The resource center offered up snow cones and pizza for those who did make it out to the sparely attended event, and there were several health-focused booths meant to raise awareness and provide services. COVID vaccinations were being offered, HIV testing was done, and Planned Parenthood had a booth onsite to educate about reproductive rights.
“We heard from some really inspiring people, and we got to watch and honor some of our fallen LGBT siblings. I think it’s really important to keep holding Pride events and LGBT-awareness events, especially in our small community, where they are so conservative,” said Jazmyn Horton, a San Diego State University student and president of the university’s new Planned Parent Generation Action club, which is aligned with Planned Parenthood. “They don’t talk a lot about LGBT issues, so I think things like this are important because it does happen here. So, events like this are fun, but also bring awareness and education to issues facing our community.”
One of the focal points of the evening was the awarding of (the first-ever) scholarships in Marilyn Monroe Cazares’ memory. Scholarships of $1,000 each went to Greg Garcia and Melanie Baeza, Diaz said.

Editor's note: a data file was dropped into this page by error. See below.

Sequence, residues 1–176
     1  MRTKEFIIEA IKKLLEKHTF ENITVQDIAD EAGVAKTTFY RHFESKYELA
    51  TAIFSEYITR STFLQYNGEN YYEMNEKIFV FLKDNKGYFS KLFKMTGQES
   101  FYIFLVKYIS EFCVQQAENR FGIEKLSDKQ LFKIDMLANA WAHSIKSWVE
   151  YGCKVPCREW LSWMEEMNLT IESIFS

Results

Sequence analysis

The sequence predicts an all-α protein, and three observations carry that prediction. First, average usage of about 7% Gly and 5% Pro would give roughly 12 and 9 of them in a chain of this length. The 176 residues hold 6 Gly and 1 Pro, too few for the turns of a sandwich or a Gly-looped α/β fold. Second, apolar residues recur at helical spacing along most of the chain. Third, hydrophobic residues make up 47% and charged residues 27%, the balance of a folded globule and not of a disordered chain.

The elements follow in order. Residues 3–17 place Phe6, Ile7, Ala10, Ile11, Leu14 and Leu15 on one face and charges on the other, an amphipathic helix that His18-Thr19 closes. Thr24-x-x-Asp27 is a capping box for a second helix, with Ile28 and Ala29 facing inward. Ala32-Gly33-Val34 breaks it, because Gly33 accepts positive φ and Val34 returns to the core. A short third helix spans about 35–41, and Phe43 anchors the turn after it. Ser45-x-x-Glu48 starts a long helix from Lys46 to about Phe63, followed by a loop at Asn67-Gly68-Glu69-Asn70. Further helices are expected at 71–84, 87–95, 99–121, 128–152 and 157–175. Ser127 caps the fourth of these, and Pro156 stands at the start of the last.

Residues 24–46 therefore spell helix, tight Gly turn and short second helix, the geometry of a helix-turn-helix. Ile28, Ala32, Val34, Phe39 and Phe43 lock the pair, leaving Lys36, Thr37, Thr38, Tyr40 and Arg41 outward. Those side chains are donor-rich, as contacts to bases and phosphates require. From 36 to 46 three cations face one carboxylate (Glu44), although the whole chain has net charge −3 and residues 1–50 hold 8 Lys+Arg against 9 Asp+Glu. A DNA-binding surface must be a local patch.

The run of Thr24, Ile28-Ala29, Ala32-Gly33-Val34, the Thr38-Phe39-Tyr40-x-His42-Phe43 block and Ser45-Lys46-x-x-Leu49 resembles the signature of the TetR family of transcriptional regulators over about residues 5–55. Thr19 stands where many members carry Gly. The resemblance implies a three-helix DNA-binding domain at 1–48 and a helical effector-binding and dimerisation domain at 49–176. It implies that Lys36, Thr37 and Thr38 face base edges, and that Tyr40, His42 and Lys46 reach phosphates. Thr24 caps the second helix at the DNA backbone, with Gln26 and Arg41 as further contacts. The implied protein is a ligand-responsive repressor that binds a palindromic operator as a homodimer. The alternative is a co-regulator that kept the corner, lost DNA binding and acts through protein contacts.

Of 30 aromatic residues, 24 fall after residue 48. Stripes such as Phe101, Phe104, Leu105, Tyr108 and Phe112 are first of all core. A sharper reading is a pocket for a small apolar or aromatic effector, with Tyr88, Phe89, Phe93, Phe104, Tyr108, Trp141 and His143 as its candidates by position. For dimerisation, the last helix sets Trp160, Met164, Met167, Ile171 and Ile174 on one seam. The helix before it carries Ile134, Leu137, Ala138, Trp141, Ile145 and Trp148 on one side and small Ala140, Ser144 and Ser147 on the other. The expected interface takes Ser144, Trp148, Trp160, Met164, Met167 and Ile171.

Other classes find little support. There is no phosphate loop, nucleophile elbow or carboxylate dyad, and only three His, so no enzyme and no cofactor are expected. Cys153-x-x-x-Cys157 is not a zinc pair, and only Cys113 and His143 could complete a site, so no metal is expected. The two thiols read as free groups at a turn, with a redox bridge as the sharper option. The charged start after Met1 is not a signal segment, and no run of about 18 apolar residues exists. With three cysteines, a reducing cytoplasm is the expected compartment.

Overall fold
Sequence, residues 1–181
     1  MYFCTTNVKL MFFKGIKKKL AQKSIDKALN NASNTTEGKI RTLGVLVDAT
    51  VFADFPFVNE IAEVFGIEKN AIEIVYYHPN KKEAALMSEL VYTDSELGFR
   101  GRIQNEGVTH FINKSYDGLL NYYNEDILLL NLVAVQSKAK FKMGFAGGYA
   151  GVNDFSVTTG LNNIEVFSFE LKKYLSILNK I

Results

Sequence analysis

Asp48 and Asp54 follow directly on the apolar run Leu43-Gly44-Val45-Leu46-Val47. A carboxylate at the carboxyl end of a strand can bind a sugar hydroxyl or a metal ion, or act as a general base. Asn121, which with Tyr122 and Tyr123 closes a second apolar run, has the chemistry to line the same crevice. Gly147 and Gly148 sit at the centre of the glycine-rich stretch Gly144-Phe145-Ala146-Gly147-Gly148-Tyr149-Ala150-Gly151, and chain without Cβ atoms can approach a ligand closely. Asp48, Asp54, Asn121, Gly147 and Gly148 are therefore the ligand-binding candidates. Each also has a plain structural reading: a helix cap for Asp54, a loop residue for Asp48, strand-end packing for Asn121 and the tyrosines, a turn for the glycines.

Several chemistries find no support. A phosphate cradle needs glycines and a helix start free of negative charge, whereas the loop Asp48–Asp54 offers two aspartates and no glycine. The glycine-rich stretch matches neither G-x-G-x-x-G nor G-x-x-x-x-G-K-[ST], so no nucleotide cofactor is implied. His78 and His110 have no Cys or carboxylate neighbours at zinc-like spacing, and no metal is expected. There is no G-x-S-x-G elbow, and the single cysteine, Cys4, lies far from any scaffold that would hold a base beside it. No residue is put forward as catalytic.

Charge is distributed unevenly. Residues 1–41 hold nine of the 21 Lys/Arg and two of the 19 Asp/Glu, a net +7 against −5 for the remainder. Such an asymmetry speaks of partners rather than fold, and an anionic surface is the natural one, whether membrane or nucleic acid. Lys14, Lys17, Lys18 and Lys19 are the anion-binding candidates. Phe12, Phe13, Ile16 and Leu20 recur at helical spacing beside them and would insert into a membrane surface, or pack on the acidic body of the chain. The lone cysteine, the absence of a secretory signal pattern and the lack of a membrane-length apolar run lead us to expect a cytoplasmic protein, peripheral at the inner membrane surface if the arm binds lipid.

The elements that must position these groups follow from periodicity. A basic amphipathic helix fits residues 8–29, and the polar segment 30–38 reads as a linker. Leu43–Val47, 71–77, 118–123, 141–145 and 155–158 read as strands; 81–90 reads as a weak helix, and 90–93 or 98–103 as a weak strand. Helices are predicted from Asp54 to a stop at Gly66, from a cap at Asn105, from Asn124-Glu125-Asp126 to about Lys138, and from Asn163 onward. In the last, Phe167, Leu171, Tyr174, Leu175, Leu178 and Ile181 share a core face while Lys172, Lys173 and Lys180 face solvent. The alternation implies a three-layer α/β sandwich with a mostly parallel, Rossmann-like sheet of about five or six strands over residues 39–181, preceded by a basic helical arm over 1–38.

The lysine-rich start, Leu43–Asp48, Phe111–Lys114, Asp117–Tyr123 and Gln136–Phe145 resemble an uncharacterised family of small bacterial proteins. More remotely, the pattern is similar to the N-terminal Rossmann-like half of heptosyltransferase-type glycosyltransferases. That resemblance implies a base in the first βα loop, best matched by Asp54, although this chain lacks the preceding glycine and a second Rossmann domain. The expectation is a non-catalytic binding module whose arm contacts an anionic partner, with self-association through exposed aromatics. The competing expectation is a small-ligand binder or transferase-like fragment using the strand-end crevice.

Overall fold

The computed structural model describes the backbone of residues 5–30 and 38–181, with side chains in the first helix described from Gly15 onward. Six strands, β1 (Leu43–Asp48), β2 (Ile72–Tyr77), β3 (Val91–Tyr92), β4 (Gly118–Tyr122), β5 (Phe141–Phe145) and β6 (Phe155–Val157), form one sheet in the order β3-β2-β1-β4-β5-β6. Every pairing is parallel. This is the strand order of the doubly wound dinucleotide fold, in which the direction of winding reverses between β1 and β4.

Austin Christianson, who oversees the scholarship committee and was a childhood friend of Marilyn Cazares, helped present the scholarships alongside Diaz. Of Cazares, Christianson said, “She was really crazy, funny. She was a wild card.”
Although no one from Cazares’ family was in attendance on Saturday, Christianson provided a copy of a speech Marilyn’s aunt was supposed to have read at the scholarship presentation. Diaz said Cazares’ aunt was supposed to have dialed in virtually for the event.
Vigil Strikes Sad Tone, Absences Noted
The evening ended with the vigil, and while Diaz acknowledged that those who were in attendance honored the memories of Cazares, Black and the Pulse victims, absences and silences were noted.
Additionally, the lone person on hand for Poe Black, a transgender man originally from Nashville, Tenn., who was found stabbed multiple times near Slab City in early May, declined to be interviewed by the media and refused to speak during the vigil.
El Centro Mayor Pro Tem Tomas Oliva spoke during the vigil on Saturday.